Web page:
import { IdentityEntityPropContributors } from '@volo/abp.ng.identity.config';

export function emailPropContributor(propList: EntityPropList<Identity.UserItem>) {
  const index = propList.indexOf('email', (value, name) => value.name === name);
  const droppedNode = propList.dropByIndex(index);
  const emailProp = new EntityProp<Identity.UserItem>({
    ...droppedNode.value,
    valueResolver: data => {
      const { email, emailConfirmed } = data.record;
      const icon = email && !emailConfirmed ? `<i class="fa fa-times text-danger ml-1"></i>` : '';

      return of((email || '') + icon); // should return an observable
    },
  });

  propList.addByIndex(emailProp, index);
}

export function phonePropContributor(propList: EntityPropList<Identity.UserItem>) {
  const index = propList.indexOf('phoneNumber', (value, name) => value.name === name);
  const droppedNode = propList.dropByIndex(index);
  const phoneProp = new EntityProp<Identity.UserItem>({
    ...droppedNode.value,
    valueResolver: data => {
      const { phoneNumber, phoneNumberConfirmed } = data.record;
      const icon =
        phoneNumber && !phoneNumberConfirmed ? `<i class="fa fa-times text-danger ml-1"></i>` : '';

      return of((phoneNumber || '') + icon); // should return an observable
    },
  });

  propList.addByIndex(phoneProp, index);
}

export const identityEntityPropContributors: IdentityEntityPropContributors = {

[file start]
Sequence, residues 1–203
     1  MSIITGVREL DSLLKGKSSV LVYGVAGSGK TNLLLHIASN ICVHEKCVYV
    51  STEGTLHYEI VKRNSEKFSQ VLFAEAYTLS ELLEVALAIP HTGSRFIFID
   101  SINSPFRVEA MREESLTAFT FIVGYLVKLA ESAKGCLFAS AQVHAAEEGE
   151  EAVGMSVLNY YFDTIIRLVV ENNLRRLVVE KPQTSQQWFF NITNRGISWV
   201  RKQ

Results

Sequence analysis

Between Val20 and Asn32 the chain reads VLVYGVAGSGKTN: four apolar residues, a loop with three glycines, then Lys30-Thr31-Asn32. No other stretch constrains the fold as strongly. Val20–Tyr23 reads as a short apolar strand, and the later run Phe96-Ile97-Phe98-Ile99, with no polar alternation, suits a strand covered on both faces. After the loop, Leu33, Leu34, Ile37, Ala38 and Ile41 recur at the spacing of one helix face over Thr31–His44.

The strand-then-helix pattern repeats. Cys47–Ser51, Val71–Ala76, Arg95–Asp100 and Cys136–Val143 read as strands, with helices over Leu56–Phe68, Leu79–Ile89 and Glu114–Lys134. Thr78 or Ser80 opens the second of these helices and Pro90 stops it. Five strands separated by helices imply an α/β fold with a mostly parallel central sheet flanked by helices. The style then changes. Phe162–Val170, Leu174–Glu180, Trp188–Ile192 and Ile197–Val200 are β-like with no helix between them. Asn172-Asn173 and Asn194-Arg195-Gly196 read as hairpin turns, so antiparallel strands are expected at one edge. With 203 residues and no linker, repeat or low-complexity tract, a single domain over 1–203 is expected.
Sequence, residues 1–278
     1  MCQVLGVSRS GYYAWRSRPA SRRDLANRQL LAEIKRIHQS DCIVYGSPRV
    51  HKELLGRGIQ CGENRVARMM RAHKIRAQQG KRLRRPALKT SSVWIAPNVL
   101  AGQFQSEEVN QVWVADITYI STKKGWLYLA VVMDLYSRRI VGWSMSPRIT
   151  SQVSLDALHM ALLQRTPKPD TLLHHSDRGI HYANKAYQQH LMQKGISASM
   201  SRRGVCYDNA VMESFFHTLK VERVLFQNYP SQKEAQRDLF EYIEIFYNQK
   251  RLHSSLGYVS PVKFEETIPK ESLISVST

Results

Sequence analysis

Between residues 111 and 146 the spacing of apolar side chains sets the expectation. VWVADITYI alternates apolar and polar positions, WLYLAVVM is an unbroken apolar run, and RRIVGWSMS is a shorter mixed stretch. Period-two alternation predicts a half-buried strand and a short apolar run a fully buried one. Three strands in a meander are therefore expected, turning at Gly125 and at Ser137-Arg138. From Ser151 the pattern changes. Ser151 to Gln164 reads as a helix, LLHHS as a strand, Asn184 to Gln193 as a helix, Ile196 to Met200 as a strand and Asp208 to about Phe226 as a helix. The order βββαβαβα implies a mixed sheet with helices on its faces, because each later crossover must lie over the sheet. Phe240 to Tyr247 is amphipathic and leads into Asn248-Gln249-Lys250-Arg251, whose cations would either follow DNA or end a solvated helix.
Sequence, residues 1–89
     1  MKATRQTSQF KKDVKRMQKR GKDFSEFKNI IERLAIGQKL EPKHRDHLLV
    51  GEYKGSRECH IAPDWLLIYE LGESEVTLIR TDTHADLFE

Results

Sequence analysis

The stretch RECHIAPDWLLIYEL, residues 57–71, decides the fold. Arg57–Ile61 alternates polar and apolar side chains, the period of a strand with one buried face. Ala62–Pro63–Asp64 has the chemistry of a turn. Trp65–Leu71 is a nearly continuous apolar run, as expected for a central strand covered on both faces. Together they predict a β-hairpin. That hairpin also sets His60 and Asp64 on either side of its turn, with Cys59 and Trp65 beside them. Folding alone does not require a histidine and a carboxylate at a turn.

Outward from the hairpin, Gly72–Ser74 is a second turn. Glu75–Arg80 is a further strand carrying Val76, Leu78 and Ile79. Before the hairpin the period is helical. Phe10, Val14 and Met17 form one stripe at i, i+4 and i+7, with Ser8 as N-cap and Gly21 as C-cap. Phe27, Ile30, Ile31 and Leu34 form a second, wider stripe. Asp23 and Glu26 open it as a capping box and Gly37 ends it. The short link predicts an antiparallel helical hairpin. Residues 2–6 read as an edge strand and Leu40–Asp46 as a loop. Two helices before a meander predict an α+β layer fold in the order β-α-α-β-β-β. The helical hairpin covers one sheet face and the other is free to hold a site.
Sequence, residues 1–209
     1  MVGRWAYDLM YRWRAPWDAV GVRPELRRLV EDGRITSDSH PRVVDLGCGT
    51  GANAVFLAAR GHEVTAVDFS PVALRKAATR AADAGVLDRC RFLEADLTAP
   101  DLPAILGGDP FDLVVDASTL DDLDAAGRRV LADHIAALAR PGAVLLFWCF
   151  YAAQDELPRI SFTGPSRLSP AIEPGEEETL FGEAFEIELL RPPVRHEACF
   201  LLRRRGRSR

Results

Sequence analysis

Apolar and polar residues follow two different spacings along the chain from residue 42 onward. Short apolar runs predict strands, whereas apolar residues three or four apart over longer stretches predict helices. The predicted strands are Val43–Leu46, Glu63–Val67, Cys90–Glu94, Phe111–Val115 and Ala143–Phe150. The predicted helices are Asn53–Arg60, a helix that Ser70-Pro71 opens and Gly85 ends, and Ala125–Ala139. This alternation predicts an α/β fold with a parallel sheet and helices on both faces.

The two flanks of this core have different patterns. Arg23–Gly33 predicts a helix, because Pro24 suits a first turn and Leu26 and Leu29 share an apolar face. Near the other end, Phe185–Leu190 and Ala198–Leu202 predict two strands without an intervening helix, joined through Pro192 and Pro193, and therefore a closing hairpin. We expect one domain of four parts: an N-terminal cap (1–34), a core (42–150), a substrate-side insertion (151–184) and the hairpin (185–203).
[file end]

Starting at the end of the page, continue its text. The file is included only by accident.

'Identity.UsersComponent': [emailPropContributor, phonePropContributor],
};

The valueResolver method should return an observable. You can wrap your return values with of from RxJS for that.

API

PropData<R = any>

PropData is the shape of the parameter passed to all callbacks or predicates in an EntityProp.

It has the following properties:

  • record is the row data, i.e. current value rendered in the table.

    {
      type: ePropType.String,
      name: 'name',
      valueResolver: data => {
        const name = data.record.name || '';
        return of(name.toUpperCase());
      },
    }
    
  • index is the table index where the record is at.

  • getInjected is the equivalent of Injector.get. You can use it to reach injected dependencies of ExtensibleTableComponent, including, but not limited to, its parent component.

    {
      type: ePropType.String,
      name: 'name',
      valueResolver: data => {
        const restService = data.getInjected(RestService);
        const usersComponent = data.getInjected(UsersComponent);
    
        // Use restService and usersComponent public props and methods here
      },
    }
    

PropCallback<T, R = any>

PropCallback is the type of the callback function that can be passed to an EntityProp as prop parameter. A prop callback gets a single parameter, the PropData. The return type may be anything, including void. Here is a simplified representation:

type PropCallback<T, R = any> = (data?: PropData<T>) => R;

PropPredicate<T>

PropPredicate is the type of the predicate function that can be passed to an EntityProp as visible parameter. A prop predicate gets a single parameter, the PropData. The return type must be boolean. Here is a simplified representation:

type PropPredicate<T> = (data?: PropData<T>) => boolean;

EntityPropOptions<R = any>

EntityPropOptions is the type that defines required and optional properties you have to pass in order to create an entity prop.

Its type definition is as follows:

type EntityPropOptions<R = any> = {
  type: ePropType;
  name: string;
  displayName?: string;
  valueResolver?: PropCallback<R, Observable<any>>;
  sortable?: boolean;
  columnWidth?: number;
  permission?: string;
  visible?: PropPredicate<R>;
};

As you see, passing type and name is enough to create an entity prop. Here is what each property is good for:

  • type is the type of the prop value. It is used for custom rendering in the table. (required)